When the audit runs, it will be able to compare the payroll results to what’s in the policy. Without specific guidelines about how employees receive pay in place, the audit may return unusual results. It may mark items as errors that actually represent normal company policy, but that need to be part of a written policy.

Tip #4 — Start Using Payroll Software

For companies that want immediate help with running a payroll audit, beginning to use online payroll software is a smart starting point.

Our favorite selection for payroll software is Gusto. It delivers the best set of services for the majority of businesses and organizations. Smaller companies will be able to access features normally limited to larger companies with Gusto. Large companies will have a wide range of features they need to handle complex situations.

Gusto offers a variety of features where employees are able to monitor their own payroll records. This helps with reducing errors and discrepancies in terms of overtime pay, vacation pay, hours worked, and other items. When employees monitor their own pay information, they can spot errors faster than someone in the accounting department can.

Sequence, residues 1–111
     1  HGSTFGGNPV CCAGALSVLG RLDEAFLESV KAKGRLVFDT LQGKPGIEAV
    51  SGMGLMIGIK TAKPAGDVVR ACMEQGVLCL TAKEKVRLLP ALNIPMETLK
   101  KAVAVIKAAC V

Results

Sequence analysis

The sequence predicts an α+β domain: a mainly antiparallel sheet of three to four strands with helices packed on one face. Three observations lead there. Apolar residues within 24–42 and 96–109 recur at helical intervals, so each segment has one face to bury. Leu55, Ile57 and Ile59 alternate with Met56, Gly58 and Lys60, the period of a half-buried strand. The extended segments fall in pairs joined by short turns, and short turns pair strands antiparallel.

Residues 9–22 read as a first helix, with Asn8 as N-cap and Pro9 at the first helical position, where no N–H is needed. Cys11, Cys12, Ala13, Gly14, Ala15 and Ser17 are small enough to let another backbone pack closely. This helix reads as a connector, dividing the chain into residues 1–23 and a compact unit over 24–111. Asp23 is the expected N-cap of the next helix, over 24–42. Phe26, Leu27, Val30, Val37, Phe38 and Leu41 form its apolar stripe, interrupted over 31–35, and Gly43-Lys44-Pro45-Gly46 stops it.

The Gusto software also has built-in features for things like calculating tax withholdings for employees. This creates a greater likelihood of accurate information versus trying to make manual calculations.

Additionally, compliance becomes easier when using software like Gusto.

Long-Term Strategies for Payroll Audits

After implementing some of the quick tips we mentioned earlier, an accounting department then can focus on some longer-term ideas to reduce errors and to have more successful audits.

#1 — Reduce Manual Entries

The most common reason errors show up in a payroll audit has nothing to do with fraud. Far more often, it involves someone making an error while entering data manually.

Should payroll department employees have to perform calculations manually before entering the data, the chances of errors increase even more. This may occur if someone is trying to add up hours on a time card by hand before entering the number into the payroll software, for example.

Typographical errors are more common than you may think too, especially when someone is entering numbers for hours at a time. When trying to hurry to enter the numbers, the chances of mistakes increase.